We can now provide the complete range of PADI training to Instructor levels with two notable PADI Platinum Course Directors happy to support us initially, we’re aiming to be self-sufficient in that area in the not too distant future too!
Besides working towards developing our own status at Dive Rarotonga, we’ve been working very closely with a local NGO for around 12 months and continue to be able to do so in Rarotonga as we’re thankfully still Covid-19 free. Does anyone remember that feeling when you first qualified as a Diver? Easily as awesome as getting the 5*IDC badge!
Korero O Te Orau, or ‘KOTO’ have been working to promote cultural, ethical, traditional and environmental values to local indigenous Students here in Rarotonga and the other Cook Island communities for several years. The Chairman is a highly respected Doctor of Marine Biology, Dr. Teina Rongo.
KOTO initially contacted us to enquire about training opportunities in Diving and Skin Diving and we made the decision here to support a fantastic opportunity for the local community to undertake formal training in a sport usually perceived as purely a tourist activity. So the relationship began.
We approached PADI to see what support was available from them and their little broadcast Scholarship Program, and with the fantastic levels of help and support we’re familiar with from the AP region, things started to happen!
KOTO sponsored the Students and both PADI and Dive Rarotonga supported their training financially.
We produced videos of each of the candidates prior to diving to get a feel for their motivation and interest in the aquatic world and forwarded these to PADI, We then went through the same process after certification to measure the impact diving had made on them, it was predictably significant!
There is a healthy ‘pot’ globally from PADI to promote such exercises across the regions, you only have to ask and actually justify your request with your regional office. There are requirements, but you’d expect that with financial support from any organisation regardless of the activity. There’s an awful lot of agency ‘bashing’ at the moment as everyone is impacted financially by the effects of Covid, but PADI quietly continue to provide this facility globally for local indigenous Students. We’re free of the virus, but we’ve also been tourist free since March, so the impacts are felt here too.
The initial group of eight Divers in teams of four and ten Skin Divers all qualified in January this year, with a second group of seven Divers in two groups qualifying in July supported entirely by KOTO and Dive Rarotonga.
From these two groups, we have produced a progression plan and distributed it to parents and Students alike, with the first group of PADI Advanced Open Water Students starting their Courses on Wednesday this week. We limit our in-water Course sizes to a maximum of four Students, which while we’re not profiting from the exercise and as many Students as Standards permit would cut costs, it would diminish the Course value. We made this stance within our Business plan of quality over quantity.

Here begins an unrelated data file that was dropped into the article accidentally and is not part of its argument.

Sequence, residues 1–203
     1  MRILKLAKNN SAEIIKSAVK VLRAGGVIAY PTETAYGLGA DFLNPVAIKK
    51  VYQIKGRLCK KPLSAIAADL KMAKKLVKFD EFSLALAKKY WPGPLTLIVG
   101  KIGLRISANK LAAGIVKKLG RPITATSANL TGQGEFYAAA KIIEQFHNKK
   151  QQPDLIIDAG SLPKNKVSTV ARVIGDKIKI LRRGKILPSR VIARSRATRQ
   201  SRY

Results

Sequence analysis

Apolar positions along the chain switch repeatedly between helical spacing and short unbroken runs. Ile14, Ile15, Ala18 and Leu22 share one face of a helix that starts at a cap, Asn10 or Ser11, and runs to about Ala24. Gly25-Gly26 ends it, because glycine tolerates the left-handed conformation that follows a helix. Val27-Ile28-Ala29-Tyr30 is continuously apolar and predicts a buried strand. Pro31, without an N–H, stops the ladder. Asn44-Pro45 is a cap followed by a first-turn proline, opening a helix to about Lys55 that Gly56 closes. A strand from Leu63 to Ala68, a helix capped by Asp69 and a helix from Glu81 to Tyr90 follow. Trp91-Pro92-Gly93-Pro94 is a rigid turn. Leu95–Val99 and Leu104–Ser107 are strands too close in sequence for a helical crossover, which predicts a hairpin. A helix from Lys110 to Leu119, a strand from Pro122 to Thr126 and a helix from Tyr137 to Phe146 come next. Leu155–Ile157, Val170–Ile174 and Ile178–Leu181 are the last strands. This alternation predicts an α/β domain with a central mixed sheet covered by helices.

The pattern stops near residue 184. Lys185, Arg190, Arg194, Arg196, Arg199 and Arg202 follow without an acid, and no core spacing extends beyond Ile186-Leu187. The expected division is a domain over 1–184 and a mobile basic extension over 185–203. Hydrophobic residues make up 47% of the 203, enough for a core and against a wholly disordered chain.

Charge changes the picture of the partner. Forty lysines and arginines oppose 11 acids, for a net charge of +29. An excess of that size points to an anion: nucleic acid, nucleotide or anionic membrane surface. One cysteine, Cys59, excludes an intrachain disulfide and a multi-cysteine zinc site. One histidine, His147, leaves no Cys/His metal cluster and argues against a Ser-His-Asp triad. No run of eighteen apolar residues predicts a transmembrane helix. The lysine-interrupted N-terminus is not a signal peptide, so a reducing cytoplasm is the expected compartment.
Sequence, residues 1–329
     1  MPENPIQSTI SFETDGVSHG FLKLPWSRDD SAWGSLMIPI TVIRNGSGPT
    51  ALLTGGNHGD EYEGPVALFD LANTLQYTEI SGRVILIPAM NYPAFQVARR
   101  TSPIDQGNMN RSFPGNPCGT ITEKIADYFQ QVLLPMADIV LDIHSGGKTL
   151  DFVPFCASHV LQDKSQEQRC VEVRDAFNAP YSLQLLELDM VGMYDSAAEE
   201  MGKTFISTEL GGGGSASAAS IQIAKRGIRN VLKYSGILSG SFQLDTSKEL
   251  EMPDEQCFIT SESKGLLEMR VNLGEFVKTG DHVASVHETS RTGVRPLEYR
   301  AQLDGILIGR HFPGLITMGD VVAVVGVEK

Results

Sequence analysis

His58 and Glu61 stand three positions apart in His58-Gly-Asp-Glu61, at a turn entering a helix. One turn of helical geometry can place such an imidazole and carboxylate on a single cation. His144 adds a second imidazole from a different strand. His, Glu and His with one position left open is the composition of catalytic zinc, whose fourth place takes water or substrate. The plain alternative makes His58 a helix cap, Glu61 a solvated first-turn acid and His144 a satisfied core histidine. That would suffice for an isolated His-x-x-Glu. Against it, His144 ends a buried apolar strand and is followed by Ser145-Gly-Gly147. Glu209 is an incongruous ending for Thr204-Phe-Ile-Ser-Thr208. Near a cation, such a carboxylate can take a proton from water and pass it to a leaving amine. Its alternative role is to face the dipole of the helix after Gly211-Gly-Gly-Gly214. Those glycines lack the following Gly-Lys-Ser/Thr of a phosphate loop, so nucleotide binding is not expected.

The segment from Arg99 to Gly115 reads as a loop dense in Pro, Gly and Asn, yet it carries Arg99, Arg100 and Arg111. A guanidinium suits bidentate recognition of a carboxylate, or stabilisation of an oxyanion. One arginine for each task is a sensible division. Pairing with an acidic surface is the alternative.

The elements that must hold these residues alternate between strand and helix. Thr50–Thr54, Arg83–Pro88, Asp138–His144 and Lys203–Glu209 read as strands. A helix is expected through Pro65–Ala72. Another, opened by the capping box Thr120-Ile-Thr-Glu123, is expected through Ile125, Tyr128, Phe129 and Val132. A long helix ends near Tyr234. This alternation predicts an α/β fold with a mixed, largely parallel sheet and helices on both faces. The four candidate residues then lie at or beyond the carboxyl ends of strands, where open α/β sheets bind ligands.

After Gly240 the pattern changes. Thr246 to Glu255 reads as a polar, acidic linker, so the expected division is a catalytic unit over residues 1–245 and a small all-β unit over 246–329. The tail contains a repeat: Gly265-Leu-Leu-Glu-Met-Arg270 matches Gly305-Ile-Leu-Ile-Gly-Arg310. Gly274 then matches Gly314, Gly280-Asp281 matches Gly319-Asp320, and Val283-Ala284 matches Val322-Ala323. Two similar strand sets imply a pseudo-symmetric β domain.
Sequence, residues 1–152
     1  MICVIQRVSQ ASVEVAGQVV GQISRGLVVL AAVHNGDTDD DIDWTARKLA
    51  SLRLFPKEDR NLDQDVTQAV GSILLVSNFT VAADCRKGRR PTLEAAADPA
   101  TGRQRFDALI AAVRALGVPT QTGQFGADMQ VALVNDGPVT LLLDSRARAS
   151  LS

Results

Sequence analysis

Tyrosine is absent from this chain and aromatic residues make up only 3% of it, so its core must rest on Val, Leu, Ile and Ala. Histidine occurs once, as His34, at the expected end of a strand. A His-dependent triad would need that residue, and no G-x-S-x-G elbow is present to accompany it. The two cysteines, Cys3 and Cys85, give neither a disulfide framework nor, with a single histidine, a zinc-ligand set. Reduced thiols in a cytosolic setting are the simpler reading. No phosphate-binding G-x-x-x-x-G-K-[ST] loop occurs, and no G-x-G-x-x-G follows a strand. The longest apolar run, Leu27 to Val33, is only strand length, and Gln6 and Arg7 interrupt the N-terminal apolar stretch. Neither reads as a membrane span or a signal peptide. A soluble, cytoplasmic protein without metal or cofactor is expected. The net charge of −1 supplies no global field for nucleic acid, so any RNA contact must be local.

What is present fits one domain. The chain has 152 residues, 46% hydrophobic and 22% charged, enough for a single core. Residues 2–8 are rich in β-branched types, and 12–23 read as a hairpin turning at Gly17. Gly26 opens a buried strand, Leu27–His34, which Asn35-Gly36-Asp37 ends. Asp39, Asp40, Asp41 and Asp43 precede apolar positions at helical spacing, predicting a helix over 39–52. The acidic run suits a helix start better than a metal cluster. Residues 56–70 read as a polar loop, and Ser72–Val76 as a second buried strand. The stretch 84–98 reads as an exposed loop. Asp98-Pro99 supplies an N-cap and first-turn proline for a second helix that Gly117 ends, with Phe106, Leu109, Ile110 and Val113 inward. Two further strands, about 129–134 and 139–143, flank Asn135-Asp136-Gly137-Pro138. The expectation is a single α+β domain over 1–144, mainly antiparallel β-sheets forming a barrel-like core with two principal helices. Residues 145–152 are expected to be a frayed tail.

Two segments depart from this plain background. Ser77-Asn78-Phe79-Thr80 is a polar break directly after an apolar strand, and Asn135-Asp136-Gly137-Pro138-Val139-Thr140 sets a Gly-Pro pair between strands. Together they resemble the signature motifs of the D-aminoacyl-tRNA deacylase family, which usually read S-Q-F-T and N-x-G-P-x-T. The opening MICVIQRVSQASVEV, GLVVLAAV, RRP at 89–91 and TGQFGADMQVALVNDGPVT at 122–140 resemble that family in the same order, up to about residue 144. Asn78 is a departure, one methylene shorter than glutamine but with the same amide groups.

Whilst we’re not enjoying the financial gains of 2019, we’re enjoying being facilitators for our local community to enjoy Scuba, earn globally recognised certifications and do so safely with us.
Once we have a degree of normality back here with the associated tourism income, we’ll still provide these Courses to the local Students for as long as they want them, it’s investing in everyone’s future.
A second wave of Advanced Students will join us over the coming weeks, with the goal at the moment of achieving Rescue Diver rating. Once eighteen, the professional world will open up to them, either here with us or wherever they are at that time for their education.
Having had such a high level of support from PADI in January, we’ve taken the responsibility for funding ourselves since then, as while it’s a decent size pot, we’re not greedy. Perhaps our 2021 Open Water intake from KOTO will go that way.
In a tourist location, Diver retention and Course progression normally just doesn’t happen. We have a handful of largely expatriate divers here who have done so and we have great relationships with all of them beyond diving too. This program is starting to provide us with our next generation of local and experienced Divers with whom we’ll mutually develop, a far better feeling than a decent margin from a stranger.
All the KOTO Students have an underlying interest in the marine environment having been brought up in a tropical paradise surrounded by beautiful reef and deep, deep blue beyond, further strengthened by the mentorship of Teina and team at KOTO. Over time we can provide training to whatever level they require, with four Distinctive Specialities unique to Dive Rarotonga in aspects of Marine Surveying all relevant to the work they do with KOTO.
Both Zoe & I got a great buzz from getting our PADI 5*IDC rating, but I think we both get a better one when each of our KOTO kids earns their certifications!
Photo Credit: Dive Rarotonga
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